Rachael Magidson trio with 'Billy Gilvear' on bass!

    Rachael Magidson trio with 'Billy Gilvear' on bass!

  • also along the little promenade there is always a guy in a gateway selling the best chi-chi in the world. The flavour of this dough-nut stick food-stuff used to evade us. Then this year someone identified it. But I’ve forgotten it again! In addition there is a candy-floss/cotton-candy/barbe-à-papa (the French means Daddy’s beard) stall selling mean flavours and huge barbes!
  • there is also a plaza or square near the beach where a variety of animations take place during the summer, an excellent automatic-cleaning toilet that we’ve had hours of fun running in and out of like scared cats, a great sandwicherie on the corner selling super-stuffed baguette sandwichs of course (you don’t use –es for the plural in French), and more recently a wicked chocolatier has appeared nearby (this is a useful place to go when it’s hot as it is air-conditioned, and you can browse and… select a florentine or two);
  • then to cap it all there’s a daily market which takes over the municipal carpark in the mornings and sells all the typical French market produce like dozens of varieties of delicious olives, more types of bread than you can imagine, wines, eaux-de-vie, oils & vinegars by the gallon, as well as fish, shoes, meat, bikinis, fruit, spices, cheeses, thongs, watches, couscous-taboulé, jewelry etc.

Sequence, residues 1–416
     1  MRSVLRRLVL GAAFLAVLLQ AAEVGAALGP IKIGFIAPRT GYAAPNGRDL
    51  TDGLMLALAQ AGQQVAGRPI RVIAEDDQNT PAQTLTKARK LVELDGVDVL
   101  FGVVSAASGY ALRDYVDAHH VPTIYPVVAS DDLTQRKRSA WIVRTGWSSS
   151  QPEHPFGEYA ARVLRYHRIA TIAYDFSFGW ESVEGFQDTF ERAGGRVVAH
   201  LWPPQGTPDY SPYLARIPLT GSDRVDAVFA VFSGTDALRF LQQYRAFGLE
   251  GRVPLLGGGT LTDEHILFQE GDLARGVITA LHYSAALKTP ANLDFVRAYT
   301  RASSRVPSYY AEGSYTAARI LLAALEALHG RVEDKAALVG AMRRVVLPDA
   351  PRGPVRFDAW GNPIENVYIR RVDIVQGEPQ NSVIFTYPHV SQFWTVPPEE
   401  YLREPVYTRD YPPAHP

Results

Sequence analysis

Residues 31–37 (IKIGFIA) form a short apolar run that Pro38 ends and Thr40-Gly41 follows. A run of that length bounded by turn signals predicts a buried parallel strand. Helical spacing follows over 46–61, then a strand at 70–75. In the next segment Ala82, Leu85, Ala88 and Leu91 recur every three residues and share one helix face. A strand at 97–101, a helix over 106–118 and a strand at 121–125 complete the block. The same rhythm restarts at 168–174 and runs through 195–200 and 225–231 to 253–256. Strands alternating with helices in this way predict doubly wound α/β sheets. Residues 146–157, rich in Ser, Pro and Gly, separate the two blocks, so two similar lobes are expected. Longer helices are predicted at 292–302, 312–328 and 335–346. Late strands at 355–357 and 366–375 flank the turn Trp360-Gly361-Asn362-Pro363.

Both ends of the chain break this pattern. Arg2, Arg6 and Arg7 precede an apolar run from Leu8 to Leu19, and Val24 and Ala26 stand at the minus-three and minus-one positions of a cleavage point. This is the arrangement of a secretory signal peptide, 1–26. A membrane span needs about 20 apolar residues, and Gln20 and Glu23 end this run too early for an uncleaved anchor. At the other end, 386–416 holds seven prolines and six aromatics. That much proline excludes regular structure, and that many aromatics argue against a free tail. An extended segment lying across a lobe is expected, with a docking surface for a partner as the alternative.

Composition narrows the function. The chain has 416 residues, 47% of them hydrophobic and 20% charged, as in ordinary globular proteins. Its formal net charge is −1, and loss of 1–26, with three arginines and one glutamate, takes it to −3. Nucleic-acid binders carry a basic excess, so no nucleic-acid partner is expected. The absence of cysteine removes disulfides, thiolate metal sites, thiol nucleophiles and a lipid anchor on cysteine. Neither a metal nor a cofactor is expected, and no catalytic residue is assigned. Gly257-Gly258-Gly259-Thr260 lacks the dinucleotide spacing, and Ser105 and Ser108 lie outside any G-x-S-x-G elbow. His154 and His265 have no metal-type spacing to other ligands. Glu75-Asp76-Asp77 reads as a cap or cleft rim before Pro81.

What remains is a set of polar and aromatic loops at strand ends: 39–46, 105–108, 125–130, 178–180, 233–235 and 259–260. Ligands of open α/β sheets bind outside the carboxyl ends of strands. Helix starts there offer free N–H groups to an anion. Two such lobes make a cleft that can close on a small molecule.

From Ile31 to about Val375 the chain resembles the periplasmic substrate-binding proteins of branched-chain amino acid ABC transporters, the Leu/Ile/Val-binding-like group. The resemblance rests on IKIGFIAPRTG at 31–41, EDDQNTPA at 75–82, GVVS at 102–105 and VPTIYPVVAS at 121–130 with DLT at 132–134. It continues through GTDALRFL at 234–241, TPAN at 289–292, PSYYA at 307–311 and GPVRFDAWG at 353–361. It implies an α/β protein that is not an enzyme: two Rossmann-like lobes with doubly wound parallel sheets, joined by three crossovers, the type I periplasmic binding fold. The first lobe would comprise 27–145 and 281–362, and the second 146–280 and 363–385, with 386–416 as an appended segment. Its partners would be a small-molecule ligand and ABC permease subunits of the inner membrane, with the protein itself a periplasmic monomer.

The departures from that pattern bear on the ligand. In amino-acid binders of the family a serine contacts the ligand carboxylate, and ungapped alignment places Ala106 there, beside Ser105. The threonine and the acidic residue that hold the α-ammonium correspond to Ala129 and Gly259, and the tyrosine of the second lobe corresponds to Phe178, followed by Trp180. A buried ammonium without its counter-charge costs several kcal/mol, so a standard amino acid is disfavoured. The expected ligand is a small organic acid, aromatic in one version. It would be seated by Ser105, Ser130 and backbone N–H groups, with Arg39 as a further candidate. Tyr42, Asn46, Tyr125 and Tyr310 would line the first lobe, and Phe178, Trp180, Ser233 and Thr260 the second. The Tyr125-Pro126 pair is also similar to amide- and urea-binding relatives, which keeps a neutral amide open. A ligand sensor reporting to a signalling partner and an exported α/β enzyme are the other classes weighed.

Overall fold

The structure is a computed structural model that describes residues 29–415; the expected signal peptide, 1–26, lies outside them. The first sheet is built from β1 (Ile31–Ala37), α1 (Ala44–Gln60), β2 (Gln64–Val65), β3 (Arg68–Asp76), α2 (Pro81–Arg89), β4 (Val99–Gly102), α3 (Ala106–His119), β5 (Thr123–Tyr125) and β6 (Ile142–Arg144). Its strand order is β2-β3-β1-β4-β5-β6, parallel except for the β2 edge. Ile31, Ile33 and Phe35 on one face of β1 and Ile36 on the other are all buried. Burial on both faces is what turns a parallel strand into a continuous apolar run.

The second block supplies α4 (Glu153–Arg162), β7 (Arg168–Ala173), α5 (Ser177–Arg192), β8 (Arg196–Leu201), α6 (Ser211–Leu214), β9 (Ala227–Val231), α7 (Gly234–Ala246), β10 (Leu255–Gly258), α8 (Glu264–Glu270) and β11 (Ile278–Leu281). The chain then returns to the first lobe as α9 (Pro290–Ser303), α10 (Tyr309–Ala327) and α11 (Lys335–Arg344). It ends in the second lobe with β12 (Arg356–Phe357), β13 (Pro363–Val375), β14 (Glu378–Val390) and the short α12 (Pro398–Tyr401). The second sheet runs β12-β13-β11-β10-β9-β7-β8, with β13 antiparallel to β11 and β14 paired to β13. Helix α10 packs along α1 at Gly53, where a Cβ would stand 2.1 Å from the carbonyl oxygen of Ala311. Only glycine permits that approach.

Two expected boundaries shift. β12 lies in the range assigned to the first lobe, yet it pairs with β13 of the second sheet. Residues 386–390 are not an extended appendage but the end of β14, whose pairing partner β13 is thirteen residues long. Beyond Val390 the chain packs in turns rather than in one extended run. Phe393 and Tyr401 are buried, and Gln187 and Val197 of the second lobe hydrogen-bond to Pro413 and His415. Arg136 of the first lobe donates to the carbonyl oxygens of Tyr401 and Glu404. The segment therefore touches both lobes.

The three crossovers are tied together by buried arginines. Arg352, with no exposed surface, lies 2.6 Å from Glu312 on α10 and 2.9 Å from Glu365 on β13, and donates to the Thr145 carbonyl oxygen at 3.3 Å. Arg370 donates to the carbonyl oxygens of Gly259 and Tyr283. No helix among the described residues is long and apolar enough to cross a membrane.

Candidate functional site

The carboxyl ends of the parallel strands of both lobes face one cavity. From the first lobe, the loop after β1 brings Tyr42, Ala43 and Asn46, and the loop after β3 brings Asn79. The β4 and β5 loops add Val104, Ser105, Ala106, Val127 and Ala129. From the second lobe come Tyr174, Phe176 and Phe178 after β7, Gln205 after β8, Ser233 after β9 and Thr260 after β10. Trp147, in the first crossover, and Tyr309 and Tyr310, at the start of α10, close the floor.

barbes-à-papa multicolorées

    barbes-à-papa multicolorées

So there is definitely something for everyone. For our last two days as a family in our beloved France it was just perfect. We made our way home each of us having enjoyed each other’s company, many laughs, happy memories, and for me six books read.

Now that’s the sign of a good family holiday right there!

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5 responses to “La France en bref §2

  1. I’d love to meet those “Ditch” friends of yours Jon! Great blog – keep them coming!

  2. Whoops! Thanks Linda for being my proof editor! Gives a new meaning to “Double Ditch” eh? Or should that be Dibble Ditch? Corrected now…

  3. Chi-chis are jasmine flavour – I identified it at dim sum in hong kong!

  4. Thank you Grace – perfumed with jasmine of course! Always find it slightly odd that when you are asked what flavour you’d like in French (as we were for the candy-floss for example) the phrase is: Quel parfum voulez-vous?

  5. nice picture of billy 🙂